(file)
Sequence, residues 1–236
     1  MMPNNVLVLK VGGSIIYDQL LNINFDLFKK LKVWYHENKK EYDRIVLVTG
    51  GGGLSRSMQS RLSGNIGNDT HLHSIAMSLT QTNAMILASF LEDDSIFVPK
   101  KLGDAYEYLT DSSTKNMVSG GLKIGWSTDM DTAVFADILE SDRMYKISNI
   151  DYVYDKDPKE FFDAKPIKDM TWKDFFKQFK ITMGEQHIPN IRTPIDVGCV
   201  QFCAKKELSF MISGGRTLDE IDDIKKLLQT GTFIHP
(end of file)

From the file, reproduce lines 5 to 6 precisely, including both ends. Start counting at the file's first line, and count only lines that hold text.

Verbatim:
   151  DYVYDKDPKE FFDAKPIKDM TWKDFFKQFK ITMGEQHIPN IRTPIDVGCV
   201  QFCAKKELSF MISGGRTLDE IDDIKKLLQT GTFIHP